Emerging market stocks and currencies advanced in April. Currencies were supported by higher commodity prices, which benefited commodity exporters such as Russia and Columbia. The MSCI Emerging Markets Currency index rose 0.9% in April, following a 5.2% gain in March. The Russian ruble climbed higher after central bank policy makers signaled they may look to cut interest rates in the near term. Brazilian stocks advanced for a third consecutive month amid speculation a new administration might assume power and help lead the country out of recession.
Signs of stabilizing economic growth in China and declining US crude oil production led to outsized gains in commodity prices, as the Bloomberg Commodity index returned 8.5% for the month. Oil prices rebounded nearly 20% to $45.92 per barrel, while gold reached its highest level since January 2015.
Bond investors turned positive after the Fed signaled a more gradual and data dependent path for interest rate normalization. Markets have pushed out expectations for when the Fed will next tighten monetary policy. Futures show investors assign only a 12% probability that the Fed will boost borrowing costs by June. However, they price a 60% chance of a rate hike by December, per Bloomberg data. The trend of US Treasury yields in April was reflective of the uncertainty regarding the outcome of the Fed meeting. Overall, US Treasuries posted a monthly decline for the first time in 2016, as the BofA Merrill Lynch US Treasury index lost 0.1%. US corporate credit spreads narrowed during the month. The spread on the Barclays US Corporate Investment Grade index fell to 146 basis points (bps) from 163 bps in March, as the index gained 1.4% in April. The Barclays US Corporate High Yield index rose 3.9%, after spreads dropped to 577 bps from 656 bps at the beginning of the month.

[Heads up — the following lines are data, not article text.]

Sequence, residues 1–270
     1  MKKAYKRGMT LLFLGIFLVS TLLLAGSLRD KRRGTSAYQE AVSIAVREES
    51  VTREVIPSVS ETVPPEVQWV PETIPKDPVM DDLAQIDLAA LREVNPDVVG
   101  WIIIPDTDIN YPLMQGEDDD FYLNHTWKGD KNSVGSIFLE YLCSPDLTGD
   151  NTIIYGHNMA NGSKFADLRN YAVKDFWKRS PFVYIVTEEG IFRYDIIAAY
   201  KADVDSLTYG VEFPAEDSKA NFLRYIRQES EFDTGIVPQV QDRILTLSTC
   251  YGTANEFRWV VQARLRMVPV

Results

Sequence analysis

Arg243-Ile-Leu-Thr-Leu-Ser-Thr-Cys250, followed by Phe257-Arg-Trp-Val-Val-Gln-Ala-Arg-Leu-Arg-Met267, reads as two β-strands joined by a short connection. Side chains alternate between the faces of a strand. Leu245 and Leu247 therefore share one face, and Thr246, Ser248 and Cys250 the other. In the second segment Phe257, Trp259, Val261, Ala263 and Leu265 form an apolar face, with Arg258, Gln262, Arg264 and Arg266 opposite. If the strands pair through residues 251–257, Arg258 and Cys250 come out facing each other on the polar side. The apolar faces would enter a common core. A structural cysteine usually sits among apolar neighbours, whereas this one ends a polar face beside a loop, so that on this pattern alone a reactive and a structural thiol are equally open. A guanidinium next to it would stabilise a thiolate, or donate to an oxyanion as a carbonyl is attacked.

Euro area government bond yields found little support in the first month of the ECB’s expanded monthly bond purchase program that was increased to €80 billion from €60 billion. Germany’s 10-year bond yield rose to 0.27% from 0.15% in March. Italy’s 10-year yield rose 27 bps to 1.49%, while Spain’s 10-year yield jumped to 1.59% from 1.44% in March. Yields on UK bonds increased ahead of a referendum on European Union membership. Recent polls showed the projected outcome of the June 23 vote was too close to call prompting foreign investors to exit UK bond positions in April. The 10-year UK bond yield jumped 18 bps to 1.60% from the end of March.
The combination of a weaker USD and a softer tone from the Fed helped boost investor risk appetites, leading to a rally in emerging market debt in April. The spread over US Treasuries on the JPMorgan EMBI Global index reached 538 bps on February 11, the highest since May 2009. From that point forward, declining yields drove the spread down to 410 bps by the end of April. For the month, the emerging market index gained 1.9% (USD), the third consecutive monthly gain. Yields on local currency emerging market debt have also declined. The average yield on the JPMorgan GBI-EM Global Diversified index fell 13 bps to 6.38% from the end of March, resulting in a monthly gain of 2.6% (USD) for the index.